WASHINGTON - The dust hasn't settled on the results of the US midterm election yet, but President Donald Trump announced on Wednesday (Nov 7) that US Attorney-General Jeff Sessions was being replaced by his chief-of-staff, Mr Matthew Whitaker.
Mr Whitaker, a 48-year-old former football star, has been viewed favourably by the President as his "eyes and ears" in the Justice Department and has long been seen as destined for a bigger role in the Trump administration.
A Washington Post report said that he spoke directly to Mr Trump as early as October about replacing his own boss. And after a New York Times article reported that Deputy Attorney-General Rod Rosenstein had considered wearing a wire to monitor Mr Trump in the early days of his presidency, Mr Whitaker was discussed as Mr Rosenstein's possible replacement.
According to the New York Times Times, Mr Whitaker has used what could have been a tricky assignment as a bridge between his boss, Mr Sessions, and a hostile White House to ingratiate himself with the President.
"According to two White House officials," the New York Times reported, "Mr Trump took a liking to Mr Whitaker, who has the sort of commanding bearing that the President likes."
Originally from Ankeny, a suburb of Des Moines in central Iowa, Mr Whitaker is the son of an elementary school teacher and a scoreboard salesman, the BBC reported.
He was a football star in high school and was eventually inducted into the Iowa High School Football Hall of Fame. He later played tight end in the Holiday Bowl and the Rose Bowl for the Iowa Hawkeyes in the 1990s.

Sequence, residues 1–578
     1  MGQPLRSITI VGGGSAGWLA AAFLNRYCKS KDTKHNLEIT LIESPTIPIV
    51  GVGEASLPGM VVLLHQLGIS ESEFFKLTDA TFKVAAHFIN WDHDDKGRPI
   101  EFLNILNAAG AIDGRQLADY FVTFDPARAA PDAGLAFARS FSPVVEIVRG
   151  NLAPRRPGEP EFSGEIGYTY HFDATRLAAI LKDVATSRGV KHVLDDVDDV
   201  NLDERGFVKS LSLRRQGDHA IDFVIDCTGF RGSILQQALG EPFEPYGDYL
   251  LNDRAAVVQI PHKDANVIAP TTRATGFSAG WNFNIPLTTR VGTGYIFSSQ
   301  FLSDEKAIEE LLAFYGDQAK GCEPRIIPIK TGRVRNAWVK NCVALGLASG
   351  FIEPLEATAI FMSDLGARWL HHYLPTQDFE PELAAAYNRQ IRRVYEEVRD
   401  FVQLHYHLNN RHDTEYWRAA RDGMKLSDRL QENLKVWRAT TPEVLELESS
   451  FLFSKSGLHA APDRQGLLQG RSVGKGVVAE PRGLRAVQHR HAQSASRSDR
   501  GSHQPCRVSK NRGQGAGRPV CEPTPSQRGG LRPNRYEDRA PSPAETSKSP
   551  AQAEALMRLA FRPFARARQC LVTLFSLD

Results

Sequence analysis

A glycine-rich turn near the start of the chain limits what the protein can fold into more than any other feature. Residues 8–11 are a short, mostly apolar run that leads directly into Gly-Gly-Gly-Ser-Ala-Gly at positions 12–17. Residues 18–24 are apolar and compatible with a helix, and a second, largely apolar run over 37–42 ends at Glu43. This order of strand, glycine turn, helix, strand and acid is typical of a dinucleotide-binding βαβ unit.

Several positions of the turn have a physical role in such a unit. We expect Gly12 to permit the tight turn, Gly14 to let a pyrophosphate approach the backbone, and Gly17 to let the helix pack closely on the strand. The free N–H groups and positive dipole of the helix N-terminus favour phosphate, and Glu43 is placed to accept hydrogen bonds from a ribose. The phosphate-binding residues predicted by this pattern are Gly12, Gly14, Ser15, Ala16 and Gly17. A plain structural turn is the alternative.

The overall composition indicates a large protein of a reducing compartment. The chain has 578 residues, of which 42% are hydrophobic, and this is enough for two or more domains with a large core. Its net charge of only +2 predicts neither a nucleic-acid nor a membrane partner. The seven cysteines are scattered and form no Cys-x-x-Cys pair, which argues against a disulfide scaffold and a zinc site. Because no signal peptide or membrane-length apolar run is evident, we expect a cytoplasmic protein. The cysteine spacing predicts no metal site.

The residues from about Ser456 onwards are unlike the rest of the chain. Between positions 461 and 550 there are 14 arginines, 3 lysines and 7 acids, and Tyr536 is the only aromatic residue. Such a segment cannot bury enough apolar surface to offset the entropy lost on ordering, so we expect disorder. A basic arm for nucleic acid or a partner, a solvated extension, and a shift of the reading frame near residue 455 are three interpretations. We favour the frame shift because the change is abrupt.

Mr Whitaker graduated from the University of Iowa College of Law, following which he went into practice as a lawyer, serving for some time as the corporate counsel for a chain of grocery stores.
In 2002, he took his first shot at public office, when he ran unsuccessfully for state treasurer of Iowa as a Republican.
He was appointed as the US attorney for the southern district of Iowa by former president George W. Bush in 2004, serving in that position until 2009.
In 2014, he ran for the US Senate, losing the party's nomination to Republican Senator Joni Ernst.
In his campaign, he portrayed himself as a fiscally conservative opponent of the Affordable Care Act and said his political role models were Republican senators Rand Paul and Ted Cruz. He sought the anti-abortion, evangelical Christian vote, saying at one candidate's forum that he would scrutinise nominees for federal judge to ascertain whether they had a "biblical view of justice".
Mr Whitaker built up his conservative credentials further when he served as campaign co-chair for Texas Governor Rick Perry in 2012. He also served as the executive director of the conservative watchdog group Foundation for Accountability and Civic Trust in Washington DC.
In October 2017, Mr Whitaker was hired as Mr Sessions' chief of staff. Prior to this, he was a conservative legal commentator for CNN and penned several opinion pieces.
One of his appearances on CNN in July 2017 may shed light on how he views the Russian election-meddling investigation led by special counsel Robert Mueller.
In that appearance, Mr Whitaker said, "I could see a scenario where Jeff Sessions is replaced with a recess appointment, and that attorney-general doesn't fire Bob Mueller, but he just reduces his budget to so low that his investigation grinds to almost a halt."
In an opinion piece in August 2017, he penned an opinion piece where he asserted that "Mueller's investigation of Trump is going too far".
In the piece, Mr Whitaker argued that Mr Mueller had overstepped the boundaries of his inquiry when he began looking into the Trump family's finances.
Mr Whitaker said this was a "red line" that Mr Mueller should not cross, warning that it would render the investigation a "witch hunt", a term that the US President himself uses to describe the investigation.
Prior to the 2016 presidential election, Mr Whitaker penned another piece saying that he would have indicted Mrs Hillary Clinton over her use of a private e-mail server while she was secretary of state.
Mr Whitaker is married to a civil engineer, Marci, and has three children, the BBC reported.